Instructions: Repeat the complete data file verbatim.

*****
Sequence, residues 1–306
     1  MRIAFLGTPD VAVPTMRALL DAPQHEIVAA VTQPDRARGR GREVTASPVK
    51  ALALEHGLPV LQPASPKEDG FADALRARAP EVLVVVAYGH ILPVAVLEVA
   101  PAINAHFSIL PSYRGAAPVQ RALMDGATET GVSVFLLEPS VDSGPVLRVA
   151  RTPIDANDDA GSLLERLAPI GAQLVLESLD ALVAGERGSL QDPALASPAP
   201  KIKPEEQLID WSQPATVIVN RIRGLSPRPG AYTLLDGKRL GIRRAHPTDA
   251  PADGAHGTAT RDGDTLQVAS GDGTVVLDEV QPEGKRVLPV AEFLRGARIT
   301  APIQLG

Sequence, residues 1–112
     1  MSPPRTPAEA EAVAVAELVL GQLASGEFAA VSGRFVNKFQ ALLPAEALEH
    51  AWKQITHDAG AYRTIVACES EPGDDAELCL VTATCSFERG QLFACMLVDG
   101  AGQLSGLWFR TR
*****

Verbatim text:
Sequence, residues 1–306
     1  MRIAFLGTPD VAVPTMRALL DAPQHEIVAA VTQPDRARGR GREVTASPVK
    51  ALALEHGLPV LQPASPKEDG FADALRARAP EVLVVVAYGH ILPVAVLEVA
   101  PAINAHFSIL PSYRGAAPVQ RALMDGATET GVSVFLLEPS VDSGPVLRVA
   151  RTPIDANDDA GSLLERLAPI GAQLVLESLD ALVAGERGSL QDPALASPAP
   201  KIKPEEQLID WSQPATVIVN RIRGLSPRPG AYTLLDGKRL GIRRAHPTDA
   251  PADGAHGTAT RDGDTLQVAS GDGTVVLDEV QPEGKRVLPV AEFLRGARIT
   301  APIQLG

Sequence, residues 1–112
     1  MSPPRTPAEA EAVAVAELVL GQLASGEFAA VSGRFVNKFQ ALLPAEALEH
    51  AWKQITHDAG AYRTIVACES EPGDDAELCL VTATCSFERG QLFACMLVDG
   101  AGQLSGLWFR TR